The Rise of Gender-Neutral Marketing

What We Learned in 2015: As Target showed this year, there are no "boy" toys and "girl" toys—there are just toys. Time to ditch the labels

Written by PROFIT Staff

Retailers and marketers started to ditch binary gender labels in a big way this year. Target is phasing out labels in some of its departments, such as toys and kids’ bedding. “Boys” and “girls” signs will be scrapped, along with blue and pink shelves.

The department store isn’t alone. In March, Selfridges in London launched an in-store boutique called Agender, describing it as “a celebration of fashion without definition.” In literal terms, the boutique offers accessories and beauty products free of gender stereotyping.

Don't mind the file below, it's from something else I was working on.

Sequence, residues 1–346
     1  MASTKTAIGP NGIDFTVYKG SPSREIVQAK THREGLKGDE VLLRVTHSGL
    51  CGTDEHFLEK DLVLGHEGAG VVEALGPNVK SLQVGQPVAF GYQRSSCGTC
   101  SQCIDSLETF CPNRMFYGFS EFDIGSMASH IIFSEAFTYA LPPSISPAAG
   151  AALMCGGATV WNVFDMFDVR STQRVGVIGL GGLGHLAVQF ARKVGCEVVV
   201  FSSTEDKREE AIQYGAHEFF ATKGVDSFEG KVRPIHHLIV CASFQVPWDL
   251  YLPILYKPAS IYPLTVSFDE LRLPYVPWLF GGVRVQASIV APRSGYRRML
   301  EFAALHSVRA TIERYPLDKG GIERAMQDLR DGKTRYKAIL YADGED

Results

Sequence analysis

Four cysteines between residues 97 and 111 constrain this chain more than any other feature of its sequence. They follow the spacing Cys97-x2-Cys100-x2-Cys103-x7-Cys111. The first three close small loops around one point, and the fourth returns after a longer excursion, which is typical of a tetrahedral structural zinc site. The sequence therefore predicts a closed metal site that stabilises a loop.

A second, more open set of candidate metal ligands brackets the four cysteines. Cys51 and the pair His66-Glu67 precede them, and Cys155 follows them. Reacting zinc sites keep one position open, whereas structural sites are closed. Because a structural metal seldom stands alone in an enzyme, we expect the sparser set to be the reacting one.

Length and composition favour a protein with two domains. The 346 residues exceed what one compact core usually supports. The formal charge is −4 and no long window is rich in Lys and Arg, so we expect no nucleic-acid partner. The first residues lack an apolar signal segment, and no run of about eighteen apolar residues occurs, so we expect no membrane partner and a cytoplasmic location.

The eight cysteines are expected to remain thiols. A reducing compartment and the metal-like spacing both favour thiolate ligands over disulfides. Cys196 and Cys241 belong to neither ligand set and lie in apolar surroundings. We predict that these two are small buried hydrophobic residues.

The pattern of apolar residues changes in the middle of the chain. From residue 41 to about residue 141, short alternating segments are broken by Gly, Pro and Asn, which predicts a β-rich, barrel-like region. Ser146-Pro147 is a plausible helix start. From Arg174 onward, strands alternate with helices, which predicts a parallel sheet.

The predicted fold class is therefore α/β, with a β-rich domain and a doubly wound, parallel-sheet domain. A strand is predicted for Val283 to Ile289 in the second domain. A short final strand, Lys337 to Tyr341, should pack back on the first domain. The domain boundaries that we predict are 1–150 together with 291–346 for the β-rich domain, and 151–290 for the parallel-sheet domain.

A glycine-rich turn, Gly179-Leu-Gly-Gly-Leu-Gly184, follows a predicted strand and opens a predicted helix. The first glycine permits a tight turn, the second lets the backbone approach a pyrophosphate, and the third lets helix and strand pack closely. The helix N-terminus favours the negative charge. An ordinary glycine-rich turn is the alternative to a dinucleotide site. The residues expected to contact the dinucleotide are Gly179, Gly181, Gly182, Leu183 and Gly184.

Even Anheuser-Busch InBev, maker of Budweiser, and its competitor MillerCoors are recognizing that times have changed. The beer makers are moving away from regressive advertising that objectifies women to what’s been called a “gender friendly” approach.

The change is driven by a need to appeal to women and increase sales—meaning it’s not necessarily done out of goodwill—but it represents progress nonetheless.


What other progressive marketing trends have you noticed this year? Let us know by commenting below.

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